D.C. Mayor Muriel E. Bowser (Bill O’Leary/The Washington Post)

D.C. Mayor Muriel E. Bowser (D) said Friday that the District is making progress on its goal to end traffic fatalities by 2024, but that reaching the goal will require the entire region to come together.

“This is a regional issue,” Bowser said at the city’s inaugural Vision Zero Summit, which drew representatives from Washington-area jurisdictions to discuss how to make roads safer for all users.

With as many as 425 traffic deaths in the region each year, and pedestrians increasingly making up a larger percentage of those deaths, officials say finding measures to prevent fatal road crashes is becoming a rising regional concern.

Across the region, several jurisdictions have taken steps to combat traffic fatalities, focusing on strategies that prioritize education, enforcement and street design. Some are promoting lower speeds in areas with high pedestrian activity. Lowering speeds is a fundamental strategy for communities that are part of “Vision Zero,” a program aimed at eliminating traffic fatalities and serious injuries.

Locally, the District, Alexandria, Va., and Montgomery County, Md., have taken the “zero” pledge, joining a growing number of places across the United States.

“Everybody in government needs to be thinking about all the regulations,” Bowser told the group. “We have to be thinking about regulation and implementation.”

Bowser signed on to the zero pledge when she was elected in 2015. Now, she said, the city is on track to eliminate traffic deaths by 2024 with a plan that focuses on designing safer streets, keeping better track of safety data, education and enforcement. The District’s plan also lowers the default speed limit to 20 mph from 25 on some neighborhood streets and creating 15-mph zones from 7 a.m. to 11 p.m. on roadways around schools, parks, and senior and youth centers. The city also has proposed raising the penalty for excessive speeding to $500.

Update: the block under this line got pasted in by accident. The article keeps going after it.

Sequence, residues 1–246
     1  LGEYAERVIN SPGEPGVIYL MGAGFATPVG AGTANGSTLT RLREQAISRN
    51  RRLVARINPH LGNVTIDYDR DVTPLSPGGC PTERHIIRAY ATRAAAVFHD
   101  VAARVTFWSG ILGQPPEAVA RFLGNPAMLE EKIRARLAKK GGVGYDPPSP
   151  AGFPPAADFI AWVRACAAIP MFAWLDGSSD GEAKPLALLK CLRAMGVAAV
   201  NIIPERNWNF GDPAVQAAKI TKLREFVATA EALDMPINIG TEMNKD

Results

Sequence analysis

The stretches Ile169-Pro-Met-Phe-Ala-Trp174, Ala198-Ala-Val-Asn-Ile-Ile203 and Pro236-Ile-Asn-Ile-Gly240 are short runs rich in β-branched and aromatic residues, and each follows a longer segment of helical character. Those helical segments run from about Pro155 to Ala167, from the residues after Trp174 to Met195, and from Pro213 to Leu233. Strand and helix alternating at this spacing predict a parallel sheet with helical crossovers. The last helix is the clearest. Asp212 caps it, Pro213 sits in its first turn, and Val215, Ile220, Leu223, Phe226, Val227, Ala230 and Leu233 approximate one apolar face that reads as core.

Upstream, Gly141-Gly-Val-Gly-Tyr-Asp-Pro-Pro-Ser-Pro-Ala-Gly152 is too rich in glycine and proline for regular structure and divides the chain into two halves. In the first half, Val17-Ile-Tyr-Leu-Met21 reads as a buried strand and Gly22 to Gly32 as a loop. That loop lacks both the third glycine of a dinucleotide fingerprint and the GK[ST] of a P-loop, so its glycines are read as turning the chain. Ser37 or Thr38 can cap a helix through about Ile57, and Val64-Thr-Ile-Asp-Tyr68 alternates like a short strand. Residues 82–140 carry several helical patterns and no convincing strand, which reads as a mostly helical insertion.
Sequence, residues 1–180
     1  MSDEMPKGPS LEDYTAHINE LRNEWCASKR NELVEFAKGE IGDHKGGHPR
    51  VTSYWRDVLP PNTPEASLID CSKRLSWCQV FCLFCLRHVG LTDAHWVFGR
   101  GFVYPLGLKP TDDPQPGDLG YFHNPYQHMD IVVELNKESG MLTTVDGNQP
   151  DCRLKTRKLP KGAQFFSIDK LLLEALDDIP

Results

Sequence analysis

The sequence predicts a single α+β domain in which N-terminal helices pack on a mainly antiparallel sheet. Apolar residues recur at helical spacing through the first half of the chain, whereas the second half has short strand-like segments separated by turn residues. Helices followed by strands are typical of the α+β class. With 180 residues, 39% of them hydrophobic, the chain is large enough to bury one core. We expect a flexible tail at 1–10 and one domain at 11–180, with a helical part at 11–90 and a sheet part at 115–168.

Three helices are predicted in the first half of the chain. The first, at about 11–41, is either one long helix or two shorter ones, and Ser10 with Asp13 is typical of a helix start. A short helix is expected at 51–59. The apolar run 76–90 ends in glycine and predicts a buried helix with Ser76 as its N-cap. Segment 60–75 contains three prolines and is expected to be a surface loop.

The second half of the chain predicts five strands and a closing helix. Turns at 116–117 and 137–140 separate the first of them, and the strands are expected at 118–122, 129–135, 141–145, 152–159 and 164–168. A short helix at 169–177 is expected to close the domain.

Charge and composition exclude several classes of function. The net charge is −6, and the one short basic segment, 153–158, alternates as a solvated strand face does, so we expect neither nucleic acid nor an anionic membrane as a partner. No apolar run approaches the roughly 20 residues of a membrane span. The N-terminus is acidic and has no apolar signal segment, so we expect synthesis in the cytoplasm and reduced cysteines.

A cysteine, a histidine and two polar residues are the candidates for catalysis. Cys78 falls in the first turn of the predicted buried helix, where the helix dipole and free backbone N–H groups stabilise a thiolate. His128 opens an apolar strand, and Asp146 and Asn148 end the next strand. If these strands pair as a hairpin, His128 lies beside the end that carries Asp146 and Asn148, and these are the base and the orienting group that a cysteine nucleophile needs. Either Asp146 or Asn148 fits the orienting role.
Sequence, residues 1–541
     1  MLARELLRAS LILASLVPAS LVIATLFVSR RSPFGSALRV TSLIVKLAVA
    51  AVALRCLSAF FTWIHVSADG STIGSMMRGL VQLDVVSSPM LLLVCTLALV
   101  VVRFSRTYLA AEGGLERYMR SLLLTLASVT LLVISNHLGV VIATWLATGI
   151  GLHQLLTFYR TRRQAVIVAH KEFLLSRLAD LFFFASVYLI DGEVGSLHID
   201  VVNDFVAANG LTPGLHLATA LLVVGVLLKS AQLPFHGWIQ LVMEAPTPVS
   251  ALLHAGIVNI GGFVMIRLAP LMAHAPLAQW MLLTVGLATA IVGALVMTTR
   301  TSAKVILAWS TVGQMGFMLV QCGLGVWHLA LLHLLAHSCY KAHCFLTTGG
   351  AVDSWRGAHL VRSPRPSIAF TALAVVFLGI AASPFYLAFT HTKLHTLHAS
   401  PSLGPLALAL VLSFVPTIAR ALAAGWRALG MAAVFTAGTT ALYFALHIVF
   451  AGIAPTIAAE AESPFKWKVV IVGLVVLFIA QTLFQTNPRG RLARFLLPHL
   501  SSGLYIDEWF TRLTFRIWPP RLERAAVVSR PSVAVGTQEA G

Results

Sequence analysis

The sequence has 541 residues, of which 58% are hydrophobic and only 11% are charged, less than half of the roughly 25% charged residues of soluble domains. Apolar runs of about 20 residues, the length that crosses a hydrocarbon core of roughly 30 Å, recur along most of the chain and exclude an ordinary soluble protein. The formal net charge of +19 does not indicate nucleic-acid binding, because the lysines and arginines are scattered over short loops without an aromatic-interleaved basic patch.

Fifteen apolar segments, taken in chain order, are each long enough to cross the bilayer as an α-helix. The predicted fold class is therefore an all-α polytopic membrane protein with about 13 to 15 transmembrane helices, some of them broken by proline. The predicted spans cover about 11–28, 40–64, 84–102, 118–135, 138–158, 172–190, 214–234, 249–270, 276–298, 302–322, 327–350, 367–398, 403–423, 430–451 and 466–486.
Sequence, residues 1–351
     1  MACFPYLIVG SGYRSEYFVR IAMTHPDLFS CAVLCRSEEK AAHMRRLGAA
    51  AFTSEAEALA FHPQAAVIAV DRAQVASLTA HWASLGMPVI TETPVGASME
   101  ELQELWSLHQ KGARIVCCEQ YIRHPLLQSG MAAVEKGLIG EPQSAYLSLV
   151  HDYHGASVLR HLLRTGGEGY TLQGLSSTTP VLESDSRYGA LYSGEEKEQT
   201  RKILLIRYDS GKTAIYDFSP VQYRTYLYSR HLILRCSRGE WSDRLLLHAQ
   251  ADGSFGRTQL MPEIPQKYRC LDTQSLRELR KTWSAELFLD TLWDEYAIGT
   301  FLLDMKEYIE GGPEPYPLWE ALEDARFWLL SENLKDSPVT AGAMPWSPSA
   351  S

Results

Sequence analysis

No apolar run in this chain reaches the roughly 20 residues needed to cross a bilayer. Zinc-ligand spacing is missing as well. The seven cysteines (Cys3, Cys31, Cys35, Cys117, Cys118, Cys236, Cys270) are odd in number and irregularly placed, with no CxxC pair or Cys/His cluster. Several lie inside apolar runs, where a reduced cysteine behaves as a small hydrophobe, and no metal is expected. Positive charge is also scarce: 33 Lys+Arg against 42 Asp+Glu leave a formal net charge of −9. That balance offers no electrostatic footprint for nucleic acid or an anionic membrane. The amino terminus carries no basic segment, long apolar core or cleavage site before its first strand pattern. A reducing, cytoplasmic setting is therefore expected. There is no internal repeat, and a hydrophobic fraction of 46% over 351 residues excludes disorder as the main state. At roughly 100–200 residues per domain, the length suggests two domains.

These measures, some Vision Zero supporters say, are necessary to ensure no more lives are lost on the region’s road system. At the summit Friday, transportation planners, engineers, policymakers and advocates brainstormed ideas of how to reach that goal. Some said traffic deaths are unacceptable.

“We want to get action plans written and executed,” said Greg Billing, executive director of the Washington Area Bicyclist Association, which organized the summit in partnership with AAA and George Washington University Hospital.

Data show that more education is needed, said David Yang, executive director of the AAA Foundation for Traffic Safety. There are too many distractions, such as texting while driving and socializing, that contribute to deadly crashes, he said, adding that such policies as prohibiting texting and driving and enforcement are critical.

“When your eyes are off the road for a second, your chance of getting into a crash grows significantly,” Yang told the group. “We need to continue to educate and tell our families to tell our friends about some of the consequences” of driving distracted, being under the influence or driving aggressively.

“If we can lead by example, we can reach the zero goal,” he said.

Also critical is the way local roadways are designed, said Emiko Atherton, director of the National Complete Streets Coalition, which advocates for engineering roads for lower speed limits.

“We see engineering as a critical part,” a Montgomery County official in the audience agreed. But, he said, “the experience is that education without enforcement doesn’t work. We can educate people, but if we don’t give citations to motorists, we don’t see behavior change.”

Bowser says the zero goal is reachable with steadfast commitment and strategies for enforcement, public education and street engineering. Last year the District registered 28 traffic fatalities.

“That is 28 too many,” Bowser said.

“Anytime there is a fatality of any sort in the District, somebody calls me and tells me about it. I am always struck by the number of calls that we get,” Bowser said. “A lot of these intersections where people have died, I think about those intersections and wonder if there was something we could have done to make people safe.”